Mine Drainage

Science Center Objects

As settlers traveled west and mined the American landscape, thousands of new mines were created over the centuries and then abandoned. Now, these long forgotten remnants of a bygone area still haunt us, as their operations left behind materials and rock exposures that can be easily eroded and carried downstream. The USGS helps track the sources of acidic mine drainage and helps land managers develop better mitigation strategies.


Acid mine drainage near the Tulsequa River

Acid mine drainage can change the color of a stream into red or orange.

Mine drainage refers to any surface water or groundwater that drains from an active or abandoned mining operation. Mine drainage can be high-quality similar to natural waters or contaminated by leftover materials. Polluted mine drainage can be extremely acidic and is often laden with high concentrations of toxic, heavy metals. In general, the more acidic the water, the more likely it is to be harmful to living organisms.

Mine drainage forms from a chemical reaction between water and rocks containing sulfur-bearing minerals. The resulting waters become rich in sulfuric acid and dissolved iron. As the iron settles out of the water, it can form red, orange, or yellow sediments in the bottom of streams. The acidic runoff further dissolves heavy metals such as copper, lead, mercury into groundwater or surface water. The rate and degree by which acid-mine drainage proceeds can be increased by the action of certain bacteria.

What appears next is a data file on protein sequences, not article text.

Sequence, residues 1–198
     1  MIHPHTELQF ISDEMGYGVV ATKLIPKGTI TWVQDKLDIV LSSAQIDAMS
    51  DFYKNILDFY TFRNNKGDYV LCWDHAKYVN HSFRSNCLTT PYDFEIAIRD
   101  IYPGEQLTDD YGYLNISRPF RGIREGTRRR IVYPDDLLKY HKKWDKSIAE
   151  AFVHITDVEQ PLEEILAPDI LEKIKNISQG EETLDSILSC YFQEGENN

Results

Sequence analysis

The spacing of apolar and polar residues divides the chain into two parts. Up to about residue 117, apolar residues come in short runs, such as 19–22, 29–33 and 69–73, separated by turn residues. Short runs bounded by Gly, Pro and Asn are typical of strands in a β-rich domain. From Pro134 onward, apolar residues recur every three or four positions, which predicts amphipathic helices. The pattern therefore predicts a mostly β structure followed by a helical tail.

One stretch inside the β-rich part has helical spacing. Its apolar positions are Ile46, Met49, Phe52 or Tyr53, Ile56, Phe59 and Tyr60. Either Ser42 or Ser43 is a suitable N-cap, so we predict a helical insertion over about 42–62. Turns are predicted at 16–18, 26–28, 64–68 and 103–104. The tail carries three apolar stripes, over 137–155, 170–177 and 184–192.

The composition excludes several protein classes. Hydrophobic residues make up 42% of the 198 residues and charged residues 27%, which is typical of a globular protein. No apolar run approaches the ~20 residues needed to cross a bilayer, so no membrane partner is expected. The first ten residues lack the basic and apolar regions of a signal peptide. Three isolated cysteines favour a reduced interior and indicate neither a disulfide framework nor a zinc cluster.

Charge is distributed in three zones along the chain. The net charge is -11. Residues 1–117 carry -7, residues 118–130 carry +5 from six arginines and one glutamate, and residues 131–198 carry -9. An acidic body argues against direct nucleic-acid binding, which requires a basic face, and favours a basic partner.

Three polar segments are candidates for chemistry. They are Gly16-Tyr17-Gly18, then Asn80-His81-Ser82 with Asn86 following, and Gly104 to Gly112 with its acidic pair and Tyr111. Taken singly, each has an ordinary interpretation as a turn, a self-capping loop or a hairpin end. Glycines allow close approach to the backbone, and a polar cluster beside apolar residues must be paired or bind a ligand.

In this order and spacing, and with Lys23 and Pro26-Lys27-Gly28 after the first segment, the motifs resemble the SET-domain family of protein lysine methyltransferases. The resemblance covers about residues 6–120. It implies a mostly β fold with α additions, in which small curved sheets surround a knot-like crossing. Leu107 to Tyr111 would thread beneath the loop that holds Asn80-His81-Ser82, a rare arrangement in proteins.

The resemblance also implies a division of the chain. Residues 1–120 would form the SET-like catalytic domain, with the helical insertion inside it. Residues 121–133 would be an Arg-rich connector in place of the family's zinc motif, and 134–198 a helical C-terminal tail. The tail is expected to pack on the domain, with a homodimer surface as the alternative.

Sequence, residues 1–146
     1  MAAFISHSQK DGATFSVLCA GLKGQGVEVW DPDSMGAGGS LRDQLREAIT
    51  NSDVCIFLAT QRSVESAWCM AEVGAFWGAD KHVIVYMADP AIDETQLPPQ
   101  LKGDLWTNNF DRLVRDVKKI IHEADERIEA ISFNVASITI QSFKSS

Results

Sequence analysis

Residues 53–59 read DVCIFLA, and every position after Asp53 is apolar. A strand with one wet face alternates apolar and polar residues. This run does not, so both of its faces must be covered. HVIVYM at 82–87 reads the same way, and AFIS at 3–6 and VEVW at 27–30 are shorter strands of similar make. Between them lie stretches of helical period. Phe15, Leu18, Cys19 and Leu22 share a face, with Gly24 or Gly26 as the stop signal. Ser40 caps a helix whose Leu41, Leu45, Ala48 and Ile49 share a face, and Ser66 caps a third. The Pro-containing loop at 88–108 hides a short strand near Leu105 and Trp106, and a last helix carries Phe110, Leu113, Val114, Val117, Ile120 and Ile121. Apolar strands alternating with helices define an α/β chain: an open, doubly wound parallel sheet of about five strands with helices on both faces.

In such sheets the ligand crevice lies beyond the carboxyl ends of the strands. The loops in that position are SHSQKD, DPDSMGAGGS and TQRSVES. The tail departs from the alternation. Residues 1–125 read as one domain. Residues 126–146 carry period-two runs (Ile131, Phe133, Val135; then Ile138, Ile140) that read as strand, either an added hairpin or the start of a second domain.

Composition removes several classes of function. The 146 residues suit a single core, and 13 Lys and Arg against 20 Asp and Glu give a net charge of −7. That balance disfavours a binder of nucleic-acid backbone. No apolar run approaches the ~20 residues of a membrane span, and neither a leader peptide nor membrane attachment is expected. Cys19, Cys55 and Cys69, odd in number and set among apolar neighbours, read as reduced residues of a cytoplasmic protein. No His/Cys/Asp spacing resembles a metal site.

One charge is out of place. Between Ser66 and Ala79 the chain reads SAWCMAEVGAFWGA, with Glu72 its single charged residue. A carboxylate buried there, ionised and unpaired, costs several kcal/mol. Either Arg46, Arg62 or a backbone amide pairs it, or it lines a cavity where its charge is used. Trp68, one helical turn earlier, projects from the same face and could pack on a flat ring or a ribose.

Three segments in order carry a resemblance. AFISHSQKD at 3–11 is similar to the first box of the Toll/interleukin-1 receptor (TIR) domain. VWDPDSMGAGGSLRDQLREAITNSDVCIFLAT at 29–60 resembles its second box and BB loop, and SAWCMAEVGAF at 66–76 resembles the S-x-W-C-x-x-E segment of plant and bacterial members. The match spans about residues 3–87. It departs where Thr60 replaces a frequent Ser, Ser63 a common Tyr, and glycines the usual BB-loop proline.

Because the chemistry of water samples can rapidly change if removed from the mine, many mine drainage measurements are made in the field. The first measurement typically looks at acidity, which is reported as pH. A neutral pH has a value of 7. Any sample that reads below a pH of 7 is characterized as being acidic. Anything greater than 7 is described as being basic. The more acidic the water is, the better it is at eroding mining slag, rocks, and other materials. The water then transports the contaminated mine materials to nearby rivers before eventually depositing the materials downstream. Some mine drainage has been seen to have pH in the 2.5-4 range1.

Another water-quality parameter that is useful for characterizing water quality of acid mine drainage is specific conductance. Conductance is a measurement of the electrical conductivity in a water sample and is a indicator of what's dissolved in a liquid. It is also very inexpensive to measure, unlike testing for metals and other pollutants. Different substances will affect the conductance of water, allowing scientists to use changes in conductance as an indicator of changes of whatever is in the water - in this case the amount of contaminants coming from the mine.

Image: Sampling Acid Mine Drainage in Elk_County, PA

Sampling acid mine drainage residuals in Elk County, Pennsylvania.  The USGS has pioneered a new use for these residuals that are currently a disposal challenge, using them to filter phosphorus from agricultural and municipal wastewaters. (Credit: Philip Sibrell, USGS)




U.S. Environmental Protection Agency